- Getting started
- How it works?
- Running tutorial
- Our own Hello World
- Additional resources
This website, nor it's author isn't in any form affiliated or endorsed by the Apache Software Foundation.
Opinions or suggestions included in this document are based on the author's knowledge of Apache Thrift, which is still work-in-progress.
Getting started with Apache Thrift
Please note: this webiste was created in 2011 and - in some places - may be out of date. If you wish to get the tutorial covering latest version of Apache Thrift (as of December 2015), along with lots of examples, advanced information, production hints, created especially for those who want to gain solid knowledge about this framework, consider buying my book Learning Apache Thrift from Amazon.com or publisher's website.
Apache Thrift is – as its official website states - "a software framework for scalable cross-language services development." In simpler words, it allows for easy exchange of data (variables, objects) between applications written in different languages. Thrift protocol offers cross language serialization with overhead slightly smaller than, ie. SOAP. Thrift tools can generate code for C++, Java, Python, PHP, Ruby, Erlang, Perl, Haskell, C#, Cocoa, Smalltalk and OCaml.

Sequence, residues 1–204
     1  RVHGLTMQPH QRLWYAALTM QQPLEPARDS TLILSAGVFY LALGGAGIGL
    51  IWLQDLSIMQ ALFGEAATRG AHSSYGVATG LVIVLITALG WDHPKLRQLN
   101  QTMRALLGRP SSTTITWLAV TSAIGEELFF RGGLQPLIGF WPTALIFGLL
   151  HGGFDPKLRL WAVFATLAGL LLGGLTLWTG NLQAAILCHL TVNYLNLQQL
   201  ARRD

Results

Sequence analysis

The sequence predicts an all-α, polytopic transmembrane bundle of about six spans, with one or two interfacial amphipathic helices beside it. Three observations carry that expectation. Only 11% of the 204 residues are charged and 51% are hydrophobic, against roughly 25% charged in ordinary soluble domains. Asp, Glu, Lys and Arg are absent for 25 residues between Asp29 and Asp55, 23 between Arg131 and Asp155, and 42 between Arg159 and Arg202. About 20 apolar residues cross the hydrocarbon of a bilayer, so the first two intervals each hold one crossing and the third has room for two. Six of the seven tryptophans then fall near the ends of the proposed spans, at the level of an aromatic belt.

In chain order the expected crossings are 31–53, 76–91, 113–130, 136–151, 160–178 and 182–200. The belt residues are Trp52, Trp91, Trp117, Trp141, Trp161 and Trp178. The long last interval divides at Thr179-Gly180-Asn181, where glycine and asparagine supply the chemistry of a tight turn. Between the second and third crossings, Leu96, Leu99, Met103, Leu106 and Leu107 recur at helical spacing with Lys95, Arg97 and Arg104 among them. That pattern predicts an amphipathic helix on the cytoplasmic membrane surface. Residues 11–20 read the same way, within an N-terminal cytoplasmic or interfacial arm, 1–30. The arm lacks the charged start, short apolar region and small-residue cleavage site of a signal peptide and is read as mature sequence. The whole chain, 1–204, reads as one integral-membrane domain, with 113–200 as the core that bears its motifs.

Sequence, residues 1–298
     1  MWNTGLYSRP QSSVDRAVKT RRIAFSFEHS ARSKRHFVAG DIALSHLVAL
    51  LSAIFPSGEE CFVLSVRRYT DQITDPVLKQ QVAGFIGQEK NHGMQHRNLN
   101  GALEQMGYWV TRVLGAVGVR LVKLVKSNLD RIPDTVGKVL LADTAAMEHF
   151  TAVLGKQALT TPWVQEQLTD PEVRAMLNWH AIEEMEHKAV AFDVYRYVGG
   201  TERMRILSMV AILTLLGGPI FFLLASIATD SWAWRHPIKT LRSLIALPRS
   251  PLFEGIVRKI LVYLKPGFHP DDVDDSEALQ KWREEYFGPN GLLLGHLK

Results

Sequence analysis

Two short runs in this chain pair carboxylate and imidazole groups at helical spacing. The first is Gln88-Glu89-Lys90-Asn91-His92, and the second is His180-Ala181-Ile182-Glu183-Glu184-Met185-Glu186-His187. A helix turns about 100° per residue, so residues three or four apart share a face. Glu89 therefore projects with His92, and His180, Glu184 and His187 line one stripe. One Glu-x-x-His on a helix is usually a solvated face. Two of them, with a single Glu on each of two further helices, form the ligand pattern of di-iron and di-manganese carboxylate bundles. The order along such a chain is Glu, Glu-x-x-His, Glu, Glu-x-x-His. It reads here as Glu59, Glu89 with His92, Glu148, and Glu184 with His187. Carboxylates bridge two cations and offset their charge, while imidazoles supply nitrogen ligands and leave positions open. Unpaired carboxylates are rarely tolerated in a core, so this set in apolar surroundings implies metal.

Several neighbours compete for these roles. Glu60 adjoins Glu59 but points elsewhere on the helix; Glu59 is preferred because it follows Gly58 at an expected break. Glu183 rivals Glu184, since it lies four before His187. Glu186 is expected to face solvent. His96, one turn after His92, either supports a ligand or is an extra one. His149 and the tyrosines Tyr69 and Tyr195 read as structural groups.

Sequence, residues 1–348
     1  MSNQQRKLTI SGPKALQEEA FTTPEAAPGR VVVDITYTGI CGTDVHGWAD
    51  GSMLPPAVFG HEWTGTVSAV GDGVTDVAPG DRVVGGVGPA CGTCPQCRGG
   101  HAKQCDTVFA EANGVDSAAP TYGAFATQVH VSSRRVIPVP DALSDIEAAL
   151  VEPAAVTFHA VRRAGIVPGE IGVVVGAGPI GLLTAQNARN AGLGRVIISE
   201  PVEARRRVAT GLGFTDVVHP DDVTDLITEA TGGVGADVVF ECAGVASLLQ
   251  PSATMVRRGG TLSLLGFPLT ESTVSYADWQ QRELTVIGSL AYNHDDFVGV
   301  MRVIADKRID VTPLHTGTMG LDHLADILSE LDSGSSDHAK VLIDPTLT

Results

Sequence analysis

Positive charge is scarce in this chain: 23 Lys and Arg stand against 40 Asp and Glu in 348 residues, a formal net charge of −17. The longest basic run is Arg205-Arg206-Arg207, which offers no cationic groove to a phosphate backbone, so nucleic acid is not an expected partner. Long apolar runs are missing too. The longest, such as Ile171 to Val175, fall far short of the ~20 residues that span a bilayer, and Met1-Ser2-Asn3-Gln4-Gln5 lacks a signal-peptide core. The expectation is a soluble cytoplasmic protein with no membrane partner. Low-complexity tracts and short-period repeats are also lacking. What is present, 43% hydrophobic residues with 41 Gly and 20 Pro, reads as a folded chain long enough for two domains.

Apache Thrift was primarily developed and used by Facebook, and then was donated to the Apache Software Foundation. Now, Thrift is used not only by Facebook, but as well by some of the big websites – as last.fm or reCaptcha.
Apache Thrift lacks of any tutorials, even documentation. It may be troublesome for some people, who want to try it (as it was for me). Hence the idea of preparing this quick "getting started" tutorial answering some basic questions about how to start.
This tutorial covers following topics:
- installation of the Apache Thrift
- basic information on how Apache Thrift works
- quick start - running tutorial provided with Apache Thrift archive
- writing our own “Hello world” application
- links to other resources about Apache Thrift
My operating system is Linux Debian (lenny), and my languages of choise are Python and PHP.